I am not a geek.

I’m not.  I read Penny Arcade almost religiously, but the last time I went to buy a video game I brought a book instead, and didn’t regret it.  I use Linux but the closest I get to programming anything is putting leftovers in the microwave.  I follow Wil Wheaton on Twitter.  I love, love listening to music and talking about guitars and how they sound, but can just about manage to change from a C to a G.  I’ve seen all ten Star Trek movies (the reboot doesn’t count... I’ve seen it, and you can’t make me acknowledge it), TNG, DS9, all six Star Wars films (nothing in the Star Wars EU counts... you can’t make me acknowledge it), at least two different versions of Blade Runner, own the first to seasons of Quantum Leap and watched the whole thing back when it was on TV, can name all ten Doctors both in chronological order and in order of personal preference, can quote extensively from the first six seasons of Red Dwarf (seasons seven and eight... you get the idea) I’ve read some Asimov and love Bradley... But I don’t know enough about any of these things to have really, really geeky discussions about them.  As illustrated by the Spiderman/Green Lantern thing, I know enough to make broad judgements, but not enough to get into the meat of these things.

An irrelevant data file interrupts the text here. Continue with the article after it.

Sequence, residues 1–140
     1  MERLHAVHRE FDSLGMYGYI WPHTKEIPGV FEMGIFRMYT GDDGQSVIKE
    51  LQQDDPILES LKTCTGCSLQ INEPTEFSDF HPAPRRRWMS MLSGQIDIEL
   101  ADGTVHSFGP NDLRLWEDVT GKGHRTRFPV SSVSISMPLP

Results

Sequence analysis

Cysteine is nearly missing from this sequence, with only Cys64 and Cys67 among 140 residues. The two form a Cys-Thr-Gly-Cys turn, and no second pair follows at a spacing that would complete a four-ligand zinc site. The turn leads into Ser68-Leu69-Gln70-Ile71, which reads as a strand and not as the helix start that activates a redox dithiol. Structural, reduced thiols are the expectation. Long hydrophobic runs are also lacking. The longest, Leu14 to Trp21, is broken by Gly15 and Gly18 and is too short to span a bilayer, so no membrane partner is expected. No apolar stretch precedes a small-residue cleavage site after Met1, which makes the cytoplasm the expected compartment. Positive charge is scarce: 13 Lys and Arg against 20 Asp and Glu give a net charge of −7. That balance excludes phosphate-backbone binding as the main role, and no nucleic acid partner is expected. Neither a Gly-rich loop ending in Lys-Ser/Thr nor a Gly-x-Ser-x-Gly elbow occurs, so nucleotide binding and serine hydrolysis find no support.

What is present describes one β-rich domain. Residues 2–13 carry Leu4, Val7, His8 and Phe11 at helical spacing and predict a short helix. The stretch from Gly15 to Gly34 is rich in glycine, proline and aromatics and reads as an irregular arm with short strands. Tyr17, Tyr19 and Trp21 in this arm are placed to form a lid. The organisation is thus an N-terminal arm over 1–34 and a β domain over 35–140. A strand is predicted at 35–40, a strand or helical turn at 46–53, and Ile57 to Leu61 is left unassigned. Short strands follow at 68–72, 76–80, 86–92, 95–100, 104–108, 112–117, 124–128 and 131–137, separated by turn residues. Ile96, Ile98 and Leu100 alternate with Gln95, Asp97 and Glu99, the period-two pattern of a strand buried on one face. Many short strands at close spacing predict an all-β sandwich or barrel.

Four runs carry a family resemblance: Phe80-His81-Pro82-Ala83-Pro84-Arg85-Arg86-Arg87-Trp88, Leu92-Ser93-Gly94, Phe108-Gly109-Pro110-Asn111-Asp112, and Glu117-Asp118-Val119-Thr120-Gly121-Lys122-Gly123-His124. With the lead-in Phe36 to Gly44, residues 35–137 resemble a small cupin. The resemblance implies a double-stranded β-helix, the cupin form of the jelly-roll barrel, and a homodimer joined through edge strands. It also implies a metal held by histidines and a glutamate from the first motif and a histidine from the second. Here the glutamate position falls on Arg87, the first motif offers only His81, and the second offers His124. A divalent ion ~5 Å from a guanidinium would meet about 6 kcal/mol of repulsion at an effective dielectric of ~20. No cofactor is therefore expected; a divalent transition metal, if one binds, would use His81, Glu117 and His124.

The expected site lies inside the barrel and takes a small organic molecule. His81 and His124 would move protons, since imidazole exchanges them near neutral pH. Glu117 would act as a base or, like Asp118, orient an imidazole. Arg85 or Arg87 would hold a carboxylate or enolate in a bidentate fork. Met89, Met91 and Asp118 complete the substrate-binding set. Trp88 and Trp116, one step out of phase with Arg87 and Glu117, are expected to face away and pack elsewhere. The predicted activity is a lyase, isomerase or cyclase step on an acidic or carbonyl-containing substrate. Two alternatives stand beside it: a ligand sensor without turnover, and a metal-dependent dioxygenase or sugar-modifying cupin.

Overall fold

But I love watching the geeks.  I love watching argue and fight over trivia, digging deep into their reserves to win a point which means nothing to anyone on the outside.  I love watching them take some show they love and has been destroyed by the latest irritation, and twisting and turning, trying desperately to make it all okay again.  I love reading about them doing all their geeky things.

So, I’m not a geek, but I love to watch them.  I’m not really a geek geek, because--again--I don’t have the in-depth personal knowledge about geeks. 

I don’t play football, but I love to watch it (ah, the beautiful game indeed).  So, does that make me a geek fan?  That sounds a bit weird.  It’s also pretty self-explanatory, and we can’t have that.  There should be a degree of esoteric Gnostic cryptography about the pigeon holes we put ourselves in.  We must do something to keep the outsiders out.  So... I’m not a geek, but I love the things that geeks produce.  I consume the geek product.  A geek consumer?  That sounds way too sexual.  And, again, weird.  We should go with something a bit self-referential, I think.  Geek end-user?  Hmm....  Yeah.

I am not a geek.  I am a geek end-user.

(I’m also not a furry, I’m a furri.  But that’s another post.)

Wednesday, 19 August 2009

The AR Supermarket Distress Flare